As stated earlier, individuals may not have any hepatitis C symptoms until liver damage has become considerable. Once symptoms start to appear, they will usually include hepatorenal syndrome or the combined failure of the liver and the kidney, ascites, and infection of the abdominal lining, the buildup of toxins resulting in mental function that is impaired, esophagus that has veins that are enlarged and bleeding in the upper stomach, blood tests that are abnormal which include coagulation parameters, albumin, and bilirubin, ascites or abdominal fluid, swelling of the legs, jaundice of the yellow discoloration of the skin and the eyes, skin that is itchy, easily getting bruised or bleeding, weight loss, loss of appetite, nausea, and fatigue.

A biopsy of the liver can show scarring and verify with people who have infected with the hepatitis C virus that cirrhosis is indeed present. For doctors to diagnose liver disease that is advanced without resorting to the said biopsy, a physical exam and some lab tests may be sufficient.

HCV Cirrhosis: How does one progress to liver cirrhosis?

About a quarter of individuals suffering from a hepatitis C virus infection progress into liver cirrhosis. However, there are a number of other variables that can lead to an increased risk for liver scarring and these include the use of alcohol, HCV infection along with another one (such as hepatitis B or HIV), and blood levels of iron that are elevated.

Individuals who have HCV that is chronic should avoid drinking alcoholic beverages. Cirrhosis can also be accelerated in older adults (those older than 45 years of age) as there will also be an increase in scarring and fibrosis. Having the infection from HCV aggressively treated can help cirrhosis into further progressing.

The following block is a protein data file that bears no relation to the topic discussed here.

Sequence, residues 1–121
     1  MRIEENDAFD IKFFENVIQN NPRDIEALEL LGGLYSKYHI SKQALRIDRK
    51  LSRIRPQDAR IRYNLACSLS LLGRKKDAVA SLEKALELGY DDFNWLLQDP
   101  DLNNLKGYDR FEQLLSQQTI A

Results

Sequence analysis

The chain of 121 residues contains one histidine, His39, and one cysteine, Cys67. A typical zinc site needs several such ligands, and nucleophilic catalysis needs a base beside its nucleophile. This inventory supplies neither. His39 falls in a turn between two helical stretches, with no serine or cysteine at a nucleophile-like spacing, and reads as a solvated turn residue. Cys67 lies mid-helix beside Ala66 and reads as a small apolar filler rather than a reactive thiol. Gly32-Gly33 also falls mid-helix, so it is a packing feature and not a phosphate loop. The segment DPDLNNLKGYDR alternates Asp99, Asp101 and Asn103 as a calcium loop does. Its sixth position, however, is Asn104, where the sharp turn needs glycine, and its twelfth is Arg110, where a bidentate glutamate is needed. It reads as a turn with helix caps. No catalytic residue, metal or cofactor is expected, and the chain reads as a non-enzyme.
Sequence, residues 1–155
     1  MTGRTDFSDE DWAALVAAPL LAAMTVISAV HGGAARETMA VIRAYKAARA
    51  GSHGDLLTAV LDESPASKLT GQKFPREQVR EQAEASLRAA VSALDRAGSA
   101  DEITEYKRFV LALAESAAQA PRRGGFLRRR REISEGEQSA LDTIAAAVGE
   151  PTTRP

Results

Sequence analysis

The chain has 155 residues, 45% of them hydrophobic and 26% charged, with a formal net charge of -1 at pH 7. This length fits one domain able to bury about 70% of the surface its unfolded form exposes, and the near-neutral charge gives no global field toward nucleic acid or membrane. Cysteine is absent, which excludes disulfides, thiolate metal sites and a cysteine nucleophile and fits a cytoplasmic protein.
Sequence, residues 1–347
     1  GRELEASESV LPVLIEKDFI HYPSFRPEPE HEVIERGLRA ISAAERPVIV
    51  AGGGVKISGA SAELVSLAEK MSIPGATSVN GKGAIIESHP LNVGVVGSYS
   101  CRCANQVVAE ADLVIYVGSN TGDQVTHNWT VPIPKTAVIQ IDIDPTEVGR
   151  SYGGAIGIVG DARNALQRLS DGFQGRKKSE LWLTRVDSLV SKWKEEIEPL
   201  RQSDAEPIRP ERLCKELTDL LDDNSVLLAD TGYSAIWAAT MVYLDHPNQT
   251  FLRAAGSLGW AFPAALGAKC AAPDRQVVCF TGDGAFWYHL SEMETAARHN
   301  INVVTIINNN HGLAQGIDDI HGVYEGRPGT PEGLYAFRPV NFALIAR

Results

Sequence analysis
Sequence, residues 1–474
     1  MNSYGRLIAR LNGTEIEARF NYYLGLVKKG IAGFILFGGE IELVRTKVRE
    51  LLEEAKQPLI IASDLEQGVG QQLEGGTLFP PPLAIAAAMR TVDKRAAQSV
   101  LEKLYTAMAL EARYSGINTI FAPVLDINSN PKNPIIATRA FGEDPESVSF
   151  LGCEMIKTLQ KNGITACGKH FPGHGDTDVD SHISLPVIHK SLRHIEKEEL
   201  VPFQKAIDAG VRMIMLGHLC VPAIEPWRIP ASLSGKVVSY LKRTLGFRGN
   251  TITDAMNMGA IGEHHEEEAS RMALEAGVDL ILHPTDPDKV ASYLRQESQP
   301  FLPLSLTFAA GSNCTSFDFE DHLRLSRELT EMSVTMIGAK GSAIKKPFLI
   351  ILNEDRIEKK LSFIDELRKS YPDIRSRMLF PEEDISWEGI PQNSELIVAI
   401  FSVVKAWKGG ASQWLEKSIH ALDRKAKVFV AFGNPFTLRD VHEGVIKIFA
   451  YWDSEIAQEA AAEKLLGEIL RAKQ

What are the possible complications of cirrhosis of the liver?

It is crucial for patients suffering from cirrhosis to remain healthy and to ensure that they are up to date in terms of immunization. These vaccines include pneumonia, influenza, hepatitis A, and hepatitis B. Liver scarring or cirrhosis can alter the flow of blood within the body and can also lead to blocked veins leading back to the liver. Blood may also get into the esophagus and the stomach which can cause the vessels of the blood to become enlarged and result in a stomach that is bleeding. Patients should watch out for any bleeding that is abnormal

Another cirrhosis complication is a cancer of the liver. The patient’s healthcare professional may conduct certain blood tests and ultrasound on a monthly basis to check and monitor for any forms of cancer. Some other possible complications of cirrhosis are changes in the body’s mechanism in processing certain medications, type 2 diabetes, and gum disease or gingivitis.

Patients are advised to seek immediate medical attention and assistance from their healthcare partner or doctor as cirrhosis can be a life-threatening disease and can also lead to a number of complications if left untreated.